The accelerating red-state offensive to censor what public-school students are taught about racism is emerging as a critical companion measure to proliferating race-based voter restrictions in many of the same states.The two-pronged fight captures how aggressively Republicans are moving to entrench their current advantages in red states, even as many areas grow significantly more racially and culturally diverse. Voting laws are intended to reconfigure the composition of today’s electorate; the teaching bans aim to shape the attitudes of tomorrow’s.“This is the next wave of voters, so the indoctrination that we see occurring right now is planting the seeds for the control of that electorate as they become voters,” Janai Nelson, the associate director-counsel of the NAACP Legal Defense and Educational Fund, told me recently. “They are trying to manipulate power and exert their influence at both ends of the spectrum by tilting those who can cast ballots now, and by indoctrinating those who can cast ballots later.”Proposals to limit how public K–12 schools—and even public colleges and universities—talk about race are exploding. They represent the latest battlefield between what I’ve called the Republican “coalition of restoration,” centered on the places and people most uneasy about the way America is changing, and the Democrats’ “coalition of transformation,” revolving around those most comfortable with these changes.[Read: The GOP’s ‘critical race theory’ obsession]The bills are usually promoted as a response to “critical race theory,” but generally impose much broader prohibitions by barring educators from teaching that racism either has been or remains endemic in America. A law approved last year in Texas, for instance, prohibits schools from teaching that “slavery and racism are anything other than deviations from, betrayals of, or failures to live up to the authentic founding principles of the United States, which include liberty and equality.”In 2021, nine Republican-controlled states approved laws limiting the discussion of racism (and in many cases gender inequity), and four others imposed restrictions through the state’s board of education. This year, the pace “has clearly accelerated,” Jeffrey Sachs, a political scientist at Acadia University, in Nova Scotia, told me. Of the 122 state bills that Sachs has tracked for PEN America, a free-speech organization, since January 2021, more than half have been introduced just in the past three weeks as state legislatures have reconvened for this year’s session. So many proposals are surfacing so fast that Sachs said his “gut instinct” is that all 23 states where Republicans control both the governorship and the state legislature eventually “will see a [censorship] bill passed.”Like the restrictions on voting, these moves to limit the discussion of race in public educational institutions are being promoted by influential conservative groups such as Heritage Action for America. And like their companion laws, these measures are advancing through red states on a virtually complete party-line basis. Of the bills Sachs has cataloged, “every single one is exclusively sponsored by Republicans,” he said.Experts agree that many schools are discussing issues of race, gender, and sexual orientation more explicitly than in the past, a trend that genuinely raises questions for some parents without a strong ideological agenda. But Ruthanne Buck, a senior adviser to the Campaign for Our Shared Future, a nonprofit group recently formed to fight the state restrictions, told me that conservatives pushing these bills have effectively performed a kind of bait and switch. With parents across the ideological and racial spectrum uniformly frustrated by the uncertainty and strains of schooling during the pandemic, she said, Republicans have successfully marketed their proposals as a way of amplifying parents’ voices. Yet the bills’ practical impact is very different. “You have a disconnect between what is being messaged by politicians as parental voice and what is being put into policy, which is actually just stripping schools of meaningful content and good practice,” she said.Buck believes that more organized resistance to these classroom restrictions “is coming,” but so far the battle has been strikingly one-sided. Civil-rights groups haven’t invested in these fights in the states as heavily as they have in the battle against voting restrictions. President Joe Biden’s administration has not directly opposed or even spotlighted these red-state initiatives either. The only major congressional proposals around curriculum issues have come from Republicans who want to ban the use of federal money to fund the teaching of the same concepts on race and gender that the state GOP laws are targeting.The school proposals are not only surfacing in more states, but also increasing in their breadth. More of this year’s measures, Sachs noted, target public colleges and universities rather than focusing solely on K–12 instruction. In several states, including Florida and Missouri, Republicans want to authorize parents, or sometimes any taxpayer, to bring private lawsuits against school districts that they believe are violating the new state limits on discussing racism. That system, which New Hampshire has already passed, closely resembles the recently signed Texas law authorizing private citizens to sue abortion providers, doctors, or anyone else who helps a woman obtain an abortion.In another escalation, Florida is now considering a bill—dubbed by critics the “Don’t Say ‘Gay’” law—that would bar schools from discussing sexual orientation or gender identity (and authorize parents to sue districts that they believe are violating the restrictions). Demands are also growing in red states, most prominently Texas, to remove disputed books from school libraries, many of them reflecting the experiences of historically marginalized groups. (The 1619 Project, a national best seller from Nikole Hannah-Jones and The New York Times Magazine, has been a particular target of both legislators and book-banners.) A Tennessee school board drew national attention this week by voting unanimously to ban Maus, the Pulitzer Prize–winning graphic novel about Holocaust survivors.On yet another front, Virginia’s newly elected Republican governor, Glenn Youngkin, told a conservative-talk-radio host this week that he was establishing a hotline where parents could report teachers they believe are violating his recent executive order constraining how schools discuss race. “We’re asking for folks to send us reports and observations,” Youngkin said, “and we’re going to make sure we catalog it all … And that gives us further, further ability to make sure we’re rooting it out.” Critics heard in his language an echo of the loyalty-oath requirements for teachers during the Red Scare of the 1950s. (The singer and activist John Legend previewed another response when he tweeted, “Black parents need to flood these tip lines with complaints about our history being silenced. We are parents too.”)Like the new voting restrictions, the limits on classroom discussion of race are advancing against a backdrop of profound demographic change, especially in Sun Belt states.[Read: The Democrats’ dead end on voting rights]The 2020 census reported that kids of color for the first time constitute a majority of the population younger than 18. During the school year that ended in June, those nonwhite kids composed nearly 55 percent of all public school K–12 students, according to the National Center for Education Statistics; the center’s projections show that the school year beginning this September will be the last in which white kids comprise a majority of the nation’s high-school graduates.Few communities are completely exempt from this change. The nonwhite share of public-school students is generally largest in the big Sun Belt states, but NCES data show that kids of color already constitute a majority in 23 states. Even more dramatically, figures provided to me by the Equity Research Institute at the University of Southern California and PolicyLink, a group that studies racial-equity issues, show that kids of color represent the majority in 93 of the nation’s 100 largest school districts.Yet even as the nation’s public-school student body tilts more heavily toward kids of color, the principal advocates of these laws almost everywhere have been conservative white parents and legislators. One measure of the imbalance is that the sponsors have promoted many of these restrictive bills by arguing that no classroom discussion of racism should cause any student to feel “discomfort” or “guilt” over their racial identity—a standard that implicitly (and sometimes explicitly) prioritizes the feelings of white students.There’s been much less discussion about what suppressing talk of racism, gender inequity, or sexual orientation would mean for students and families whose experiences could now be marginalized or excluded. Manuel Pastor, a USC sociologist and director of the Equity Research Institute, told me that limiting discussion of societal discrimination encourages minority young people in low-income areas to see the poverty around them “as a personal failing rather than as part of a structural pattern.” That’s a dangerous message, he said: “I don’t think there’s any attention being paid to how disempowering, debilitating, and illusionary that whitewashing of the history of racism is” for nonwhite students and families. Minimizing racism in the long run, he added, is “also disorienting for white kids,” who must navigate “a very diverse society.”Prentiss Haney, a co-executive director of the Ohio Organizing Collaborative, a group that organizes in Black and Latino communities across the state, told me that the most heated local disputes over race and the curriculum are arising in suburban communities that historically have been predominantly white but are now racially diversifying. (A nationwide study released this month by the Institute for Democracy, Education, and Access at UCLA supports his perception. It found that districts where the white share of students had significantly declined were more than three times as likely as districts with stable demographics to face public backlash over the teaching of race.)In these changing places, Haney said, few Black or Latino parents complain that schools do too much to teach kids about historical or current racial inequities. For those parents, he said, the top priorities are providing more resources to schools and helping kids make up ground they lost during the pandemic. But the predominantly white critics focused on the curriculum, he said, carry more weight. “There is a long history of our public-school system disproportionately listening to the concerns of white parents … even while they are not the majority,” Haney told me.The current wave of race-related proposals could become the most intrusive and expansive restrictions on classroom instruction since the spate of 1920s laws that banned the teaching of evolution. (Conservative states passed another spasm of laws mandating the teaching of “creation science” in the late ’70s and early ’80s.) Though approved statewide in only a few places, the 1920s bans were adopted by school districts in all areas of the country, notes Edward J. Larson, a professor of history and law at Pepperdine University.The restrictions on teaching evolution emerged from the backlash against rapid social change after World War I that also generated, among other things, a virtually complete ban on immigration, the Palmer Raids against subversives, and Prohibition. “It was part of the angst connected with the Roaring ’20s,” Larson told me; his book Summer for the Gods is a classic history of the 1925 Scopes “monkey trial,” which crystallized the battle over teaching evolution. “There was an anti-science aspect; there was a distrust of elites; there was an exhaustion from the war; there was a reaction against the seeming decadence of the [Great] Gatsby era.”The conservative religious leaders pushing the evolution bans, mostly white evangelicals, had a two-sided agenda, Larson noted. Playing defense, they feared that teaching evolution would lure young people away from their faith; on offense, they thought that banning its teaching would mold the growing numbers of immigrant children into more reliable Americans (as they defined it). The schools “were being filled with immigrants’ kids,” and the religious conservatives pushing the bans felt, “‘We want to reach them … and we don’t want them to become Bolsheviks,’ which was a real worry,” Larson said.At another moment of rapid cultural and demographic change, it’s easy to see the same dual goals in today’s red-state movement to limit discussion of racism. Though the measures have been promoted mostly as a defensive tool (to prevent white students from feeling guilty), many see in them an equally important offensive goal: discouraging the growing number of nonwhite students, as they reach voting age, from viewing systemic discrimination as a problem that public policy should address.[Read: The Republican axis reversing the rights revolution]Thomas Saenz, the president and general counsel of the Mexican American Legal Defense and Educational Fund, told me that if the goal is “brainwashing kids of color,” these measures will ultimately fail because students can see evidence of economic and social inequity “in their daily lives.” But in states that impose these restrictions, he added, minority students will suffer because without guidance from teachers, they may “go through some tortured years” before they recognize how their own experiences are connected to America’s overall history of racial exclusion.Both Saenz and Nelson, the NAACP Legal Defense and Educational Fund counsel, view one of these laws’ principal goals as discouraging kids of color precisely from making that connection. “They are trying to create a new generation of potential voters who have a warped view of this country’s history and are not informed about present-day inequities,” Nelson told me.Seen through that lens, these educational constraints serve the same goal as the voting restrictions: deferring a shift in power, particularly across the Sun Belt, from the mostly white and nonurban Republican coalition that now controls these states toward a more diverse electorate generally more receptive to Democrats. “This is one of many different policy initiatives that are designed to try to delay that flip,” Saenz said. “They are doing everything they can: It’s voter suppression; it’s control [of] the curriculum. It’s all designed to keep the people currently in power in power longer, because they can see what’s coming.”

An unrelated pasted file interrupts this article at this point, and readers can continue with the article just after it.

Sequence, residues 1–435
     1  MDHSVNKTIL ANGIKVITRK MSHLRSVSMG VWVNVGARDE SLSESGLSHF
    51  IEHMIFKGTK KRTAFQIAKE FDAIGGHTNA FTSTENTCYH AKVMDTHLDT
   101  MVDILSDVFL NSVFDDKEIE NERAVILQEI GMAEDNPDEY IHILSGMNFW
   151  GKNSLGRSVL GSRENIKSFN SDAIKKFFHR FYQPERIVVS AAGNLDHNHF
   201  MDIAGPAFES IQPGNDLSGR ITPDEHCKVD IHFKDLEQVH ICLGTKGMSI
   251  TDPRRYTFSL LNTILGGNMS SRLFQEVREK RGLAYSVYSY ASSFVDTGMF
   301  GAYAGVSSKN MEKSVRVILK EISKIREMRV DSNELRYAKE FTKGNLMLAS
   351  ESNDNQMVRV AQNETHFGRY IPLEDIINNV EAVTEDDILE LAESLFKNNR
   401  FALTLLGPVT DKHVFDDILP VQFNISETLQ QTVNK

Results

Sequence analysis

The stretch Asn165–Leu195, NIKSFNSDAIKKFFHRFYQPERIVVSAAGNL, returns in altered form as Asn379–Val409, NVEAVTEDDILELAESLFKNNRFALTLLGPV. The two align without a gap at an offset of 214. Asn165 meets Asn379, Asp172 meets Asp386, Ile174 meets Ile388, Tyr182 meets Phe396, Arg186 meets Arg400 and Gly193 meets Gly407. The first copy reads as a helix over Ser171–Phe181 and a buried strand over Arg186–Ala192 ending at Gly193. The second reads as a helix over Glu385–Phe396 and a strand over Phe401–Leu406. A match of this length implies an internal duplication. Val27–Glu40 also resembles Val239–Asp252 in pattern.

The wide ripple effect of the bridge collapse in Pittsburgh